Get Your Script Reviewed On Scriptshadow!: To submit your script for an Amateur Review, send in a PDF of your script, along with the title, genre, logline, and finally, something interesting about yourself and/or your script that you’d like us to post along with the script if reviewed. Use my submission address please: Carsonreeves3@gmail.com. Remember that your script will be posted. If you’re nervous about the effects of a bad review, feel free to use an alias name and/or title. It’s a good idea to resubmit every couple of weeks so your submission stays near the top.
Premise (from writer): Deep in the twisted and lawless labyrinth of San Francisco’s Golden Gate Park, a hip sociologist named Vega and her dirty gutterpunk friends are viciously hunted by the Lurkers, a pack of deranged, homicidal hobos — or maybe something even worse.
Why You Should Read (from writer): It’s always a lucky day when an idea picks you. Here, I had no desire to draft a horror screenplay, but frequent walks through San Francisco’s parks got me obsessed with what goes on there after dark. I mean, if the City streets are this sketchy during the day, then the nighttime park must be a fucking murder zone. And so the Lurkers were born, and now I’m half convinced they’re real. Definitely dirty business. — I’m more than a little over the current state of horror movies, so this is my effort to take it old school, with a focus on characters and a slow build. But for the shots of San Francisco it would cost little to make, so I hope I can convince an edgy director to take a chance. — Thanks again for all your hard work, Carson, it’s a real inspiration.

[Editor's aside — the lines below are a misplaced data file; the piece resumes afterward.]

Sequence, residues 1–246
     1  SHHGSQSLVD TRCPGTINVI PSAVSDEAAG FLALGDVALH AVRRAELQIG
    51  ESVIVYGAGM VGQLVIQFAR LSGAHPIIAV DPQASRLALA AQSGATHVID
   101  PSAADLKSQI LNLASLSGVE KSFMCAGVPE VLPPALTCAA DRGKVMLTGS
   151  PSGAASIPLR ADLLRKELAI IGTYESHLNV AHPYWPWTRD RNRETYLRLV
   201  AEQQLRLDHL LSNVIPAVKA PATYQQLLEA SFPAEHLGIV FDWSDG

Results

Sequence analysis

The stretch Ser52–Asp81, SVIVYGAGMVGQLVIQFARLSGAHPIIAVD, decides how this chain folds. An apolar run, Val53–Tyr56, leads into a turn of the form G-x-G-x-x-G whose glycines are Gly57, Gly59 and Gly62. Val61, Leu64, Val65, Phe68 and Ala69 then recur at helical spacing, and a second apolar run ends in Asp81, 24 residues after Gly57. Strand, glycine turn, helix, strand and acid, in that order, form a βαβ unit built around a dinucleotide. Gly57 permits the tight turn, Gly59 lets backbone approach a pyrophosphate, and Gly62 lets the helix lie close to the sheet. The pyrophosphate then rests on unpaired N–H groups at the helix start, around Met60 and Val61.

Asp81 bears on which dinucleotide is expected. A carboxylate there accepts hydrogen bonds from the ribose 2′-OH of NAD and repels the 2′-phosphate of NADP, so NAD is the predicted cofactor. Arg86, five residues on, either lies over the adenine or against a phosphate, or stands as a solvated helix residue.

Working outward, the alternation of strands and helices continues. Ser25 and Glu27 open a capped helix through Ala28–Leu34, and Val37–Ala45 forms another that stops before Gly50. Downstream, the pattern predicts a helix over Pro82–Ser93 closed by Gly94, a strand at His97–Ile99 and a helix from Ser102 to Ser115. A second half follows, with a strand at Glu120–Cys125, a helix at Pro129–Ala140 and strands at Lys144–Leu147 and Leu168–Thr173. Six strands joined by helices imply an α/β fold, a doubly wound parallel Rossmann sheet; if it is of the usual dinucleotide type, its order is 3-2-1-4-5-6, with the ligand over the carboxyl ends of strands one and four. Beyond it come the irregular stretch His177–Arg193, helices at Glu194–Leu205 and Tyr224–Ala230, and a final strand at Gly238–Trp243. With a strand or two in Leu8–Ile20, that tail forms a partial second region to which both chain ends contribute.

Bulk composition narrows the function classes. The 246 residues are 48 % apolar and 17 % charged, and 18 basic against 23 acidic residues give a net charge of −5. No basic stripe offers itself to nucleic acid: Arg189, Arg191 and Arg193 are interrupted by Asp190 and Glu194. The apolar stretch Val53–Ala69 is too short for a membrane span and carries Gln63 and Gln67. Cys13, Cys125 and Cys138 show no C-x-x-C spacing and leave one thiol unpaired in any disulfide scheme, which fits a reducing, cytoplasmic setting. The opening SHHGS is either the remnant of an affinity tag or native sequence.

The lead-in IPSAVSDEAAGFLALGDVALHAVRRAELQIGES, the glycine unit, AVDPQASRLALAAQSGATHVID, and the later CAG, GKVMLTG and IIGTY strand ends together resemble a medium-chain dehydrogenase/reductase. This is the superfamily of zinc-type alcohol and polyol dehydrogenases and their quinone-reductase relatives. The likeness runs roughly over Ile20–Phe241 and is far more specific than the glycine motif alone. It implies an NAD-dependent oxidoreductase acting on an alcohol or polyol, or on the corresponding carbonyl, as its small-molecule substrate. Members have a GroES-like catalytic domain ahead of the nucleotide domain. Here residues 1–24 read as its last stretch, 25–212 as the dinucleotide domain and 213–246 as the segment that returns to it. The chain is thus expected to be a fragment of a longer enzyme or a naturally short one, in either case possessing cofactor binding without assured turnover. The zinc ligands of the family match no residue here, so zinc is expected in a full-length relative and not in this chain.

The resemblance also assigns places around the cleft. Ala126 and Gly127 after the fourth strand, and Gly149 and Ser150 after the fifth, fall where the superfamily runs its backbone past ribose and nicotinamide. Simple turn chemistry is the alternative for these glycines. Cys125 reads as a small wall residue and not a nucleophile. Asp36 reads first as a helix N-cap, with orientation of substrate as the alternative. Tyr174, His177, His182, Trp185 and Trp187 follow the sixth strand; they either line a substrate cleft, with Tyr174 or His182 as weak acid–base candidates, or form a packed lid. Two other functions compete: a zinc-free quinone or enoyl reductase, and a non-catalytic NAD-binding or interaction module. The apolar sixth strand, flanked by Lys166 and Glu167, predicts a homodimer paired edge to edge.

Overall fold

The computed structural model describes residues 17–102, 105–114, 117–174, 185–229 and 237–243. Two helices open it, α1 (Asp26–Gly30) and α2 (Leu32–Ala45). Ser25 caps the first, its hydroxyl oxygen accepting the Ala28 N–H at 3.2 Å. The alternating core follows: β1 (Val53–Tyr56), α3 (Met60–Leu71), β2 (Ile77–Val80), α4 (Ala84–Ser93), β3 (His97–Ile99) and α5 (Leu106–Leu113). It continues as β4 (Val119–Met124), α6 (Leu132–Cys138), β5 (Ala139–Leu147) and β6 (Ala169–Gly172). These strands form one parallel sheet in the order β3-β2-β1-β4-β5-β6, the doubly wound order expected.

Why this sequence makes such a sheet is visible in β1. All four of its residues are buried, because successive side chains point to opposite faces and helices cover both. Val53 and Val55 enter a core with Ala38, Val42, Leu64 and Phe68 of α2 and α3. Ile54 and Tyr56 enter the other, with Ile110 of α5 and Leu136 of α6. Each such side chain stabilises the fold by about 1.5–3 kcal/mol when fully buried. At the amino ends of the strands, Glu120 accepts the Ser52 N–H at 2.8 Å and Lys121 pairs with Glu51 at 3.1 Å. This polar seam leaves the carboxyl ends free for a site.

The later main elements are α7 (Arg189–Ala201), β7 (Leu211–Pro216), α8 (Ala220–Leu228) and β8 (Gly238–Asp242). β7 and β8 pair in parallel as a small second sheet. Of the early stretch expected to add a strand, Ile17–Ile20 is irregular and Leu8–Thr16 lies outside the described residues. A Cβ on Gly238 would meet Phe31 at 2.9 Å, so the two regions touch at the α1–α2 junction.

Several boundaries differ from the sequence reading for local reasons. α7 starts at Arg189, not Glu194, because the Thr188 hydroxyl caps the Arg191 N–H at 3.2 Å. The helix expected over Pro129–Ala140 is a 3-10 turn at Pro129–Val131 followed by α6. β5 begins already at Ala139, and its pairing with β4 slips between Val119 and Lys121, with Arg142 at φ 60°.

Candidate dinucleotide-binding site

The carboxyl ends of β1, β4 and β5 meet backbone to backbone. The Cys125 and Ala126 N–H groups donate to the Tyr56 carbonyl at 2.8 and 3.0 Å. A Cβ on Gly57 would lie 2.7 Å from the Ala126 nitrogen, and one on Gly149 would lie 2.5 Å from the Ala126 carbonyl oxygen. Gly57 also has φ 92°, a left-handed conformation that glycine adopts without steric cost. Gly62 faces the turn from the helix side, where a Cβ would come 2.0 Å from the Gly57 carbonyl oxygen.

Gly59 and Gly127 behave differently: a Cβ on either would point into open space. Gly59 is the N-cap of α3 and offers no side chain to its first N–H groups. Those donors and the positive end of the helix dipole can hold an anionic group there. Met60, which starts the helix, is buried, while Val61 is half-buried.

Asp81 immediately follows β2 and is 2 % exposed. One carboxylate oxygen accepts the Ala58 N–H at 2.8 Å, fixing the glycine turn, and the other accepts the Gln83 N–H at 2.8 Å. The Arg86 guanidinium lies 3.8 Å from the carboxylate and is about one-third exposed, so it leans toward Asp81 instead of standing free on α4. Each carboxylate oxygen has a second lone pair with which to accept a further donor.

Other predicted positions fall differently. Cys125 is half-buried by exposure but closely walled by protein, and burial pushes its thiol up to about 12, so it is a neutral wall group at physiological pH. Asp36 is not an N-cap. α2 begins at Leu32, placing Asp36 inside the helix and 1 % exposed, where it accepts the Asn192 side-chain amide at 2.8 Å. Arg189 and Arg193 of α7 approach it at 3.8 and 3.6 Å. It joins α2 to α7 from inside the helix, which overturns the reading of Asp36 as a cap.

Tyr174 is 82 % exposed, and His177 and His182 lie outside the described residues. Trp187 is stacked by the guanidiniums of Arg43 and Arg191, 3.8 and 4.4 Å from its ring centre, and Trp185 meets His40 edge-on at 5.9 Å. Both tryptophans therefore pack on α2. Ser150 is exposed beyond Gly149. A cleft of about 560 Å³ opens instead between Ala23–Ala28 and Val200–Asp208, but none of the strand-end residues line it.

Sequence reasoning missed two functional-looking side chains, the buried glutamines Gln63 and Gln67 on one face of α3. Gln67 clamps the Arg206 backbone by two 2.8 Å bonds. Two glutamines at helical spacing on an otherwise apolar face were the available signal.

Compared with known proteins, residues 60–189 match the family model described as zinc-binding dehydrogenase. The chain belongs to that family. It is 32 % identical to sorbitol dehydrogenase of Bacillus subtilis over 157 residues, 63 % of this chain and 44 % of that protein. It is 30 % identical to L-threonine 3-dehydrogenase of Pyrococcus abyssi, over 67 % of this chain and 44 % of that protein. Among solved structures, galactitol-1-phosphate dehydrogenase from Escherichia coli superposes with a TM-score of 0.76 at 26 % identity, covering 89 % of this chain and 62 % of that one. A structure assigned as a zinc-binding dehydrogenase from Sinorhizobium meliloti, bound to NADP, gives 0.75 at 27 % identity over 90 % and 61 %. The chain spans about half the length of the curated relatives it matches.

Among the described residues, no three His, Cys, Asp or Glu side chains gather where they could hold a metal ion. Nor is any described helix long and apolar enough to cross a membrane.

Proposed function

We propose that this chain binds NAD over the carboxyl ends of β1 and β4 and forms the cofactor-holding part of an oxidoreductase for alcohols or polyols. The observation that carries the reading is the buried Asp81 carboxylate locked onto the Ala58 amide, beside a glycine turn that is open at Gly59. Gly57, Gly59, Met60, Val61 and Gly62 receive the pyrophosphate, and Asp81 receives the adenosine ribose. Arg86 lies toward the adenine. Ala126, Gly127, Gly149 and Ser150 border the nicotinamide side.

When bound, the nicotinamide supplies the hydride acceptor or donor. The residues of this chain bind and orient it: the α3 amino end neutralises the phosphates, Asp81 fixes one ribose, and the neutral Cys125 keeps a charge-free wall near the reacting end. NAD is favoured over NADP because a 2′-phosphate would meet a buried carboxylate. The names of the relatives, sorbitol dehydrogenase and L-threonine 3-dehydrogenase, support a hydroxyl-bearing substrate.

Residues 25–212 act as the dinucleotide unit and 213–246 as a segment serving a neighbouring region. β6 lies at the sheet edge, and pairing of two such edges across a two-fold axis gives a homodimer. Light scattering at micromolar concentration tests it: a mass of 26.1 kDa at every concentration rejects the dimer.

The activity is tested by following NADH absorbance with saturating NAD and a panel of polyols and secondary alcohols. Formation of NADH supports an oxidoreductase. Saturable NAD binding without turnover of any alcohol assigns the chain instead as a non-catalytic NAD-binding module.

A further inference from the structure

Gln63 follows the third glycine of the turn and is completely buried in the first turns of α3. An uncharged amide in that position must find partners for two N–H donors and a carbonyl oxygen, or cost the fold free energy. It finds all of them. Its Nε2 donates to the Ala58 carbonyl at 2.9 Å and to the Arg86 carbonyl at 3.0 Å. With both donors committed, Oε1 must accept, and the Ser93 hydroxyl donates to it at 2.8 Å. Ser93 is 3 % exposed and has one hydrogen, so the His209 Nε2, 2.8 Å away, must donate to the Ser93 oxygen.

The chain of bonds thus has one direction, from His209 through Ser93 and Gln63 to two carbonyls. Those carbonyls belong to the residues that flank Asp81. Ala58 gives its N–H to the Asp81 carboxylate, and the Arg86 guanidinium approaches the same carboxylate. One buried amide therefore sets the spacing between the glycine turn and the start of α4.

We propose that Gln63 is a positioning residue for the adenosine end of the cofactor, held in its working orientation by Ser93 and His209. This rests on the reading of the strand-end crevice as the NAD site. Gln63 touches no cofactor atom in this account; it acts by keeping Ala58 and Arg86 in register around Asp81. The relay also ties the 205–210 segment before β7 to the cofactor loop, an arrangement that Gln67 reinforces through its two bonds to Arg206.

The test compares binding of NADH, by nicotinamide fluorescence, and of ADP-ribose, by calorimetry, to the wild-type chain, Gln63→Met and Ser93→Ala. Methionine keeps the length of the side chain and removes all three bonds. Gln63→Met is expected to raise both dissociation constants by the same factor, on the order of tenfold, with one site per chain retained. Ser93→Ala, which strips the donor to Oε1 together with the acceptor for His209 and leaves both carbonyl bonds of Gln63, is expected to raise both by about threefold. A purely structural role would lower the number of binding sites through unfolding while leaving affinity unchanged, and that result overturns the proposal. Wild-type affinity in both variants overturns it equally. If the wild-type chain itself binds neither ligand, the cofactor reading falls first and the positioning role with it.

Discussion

Writer: Todd Scott
Details: 87 page
Finding a horror idea isn’t that difficult. You simply identity something that scares you and build a story around it. I don’t think there’s anyone who hasn’t walked down that dark street late at night, saw that homeless person sitting or standing there, and thought to yourselves, “What if this man just went crazy and tried to kill me?” So I completely understand the appeal of building a story around that idea.
Here’s the problem though. Lrkrz is stuck in genre no-man’s land. Is it a zombie movie? Not really. Is it a slasher movie? Kind of. And that’s an issue. When a movie gets stuck between the cracks, it can slip through them. We saw it just a few weeks ago with Crimson Peak. A horror movie? Maybe? A ghost story? Possibly? A box office bomb? Definitely.
That had me wondering if Lrkrz could survive the same night its characters got stuck in. But here’s the good news. If you write something great, it transcends genre. People don’t care because they’re just happy to see a good movie. Let’s find out if Lrkrz was able to achieve that rare feat.
Vega is a beautiful 20-something latina who lives in San Francisco. She writes for a local paper, and has been working hard on a story about San Francisco’s “traveller” community, which is a politically correct way of saying, their “gutterpunks.” For those of you who’ve never been to San Francisco, it’s one of the most beautiful cities in the world. But it has one drawback – its rampant teenage homeless problem. These dirty aggressive vagrants, who aren’t afraid to use the very sidewalks you walk on as their toilets, are a stain on your memory of the city that cannot be erased.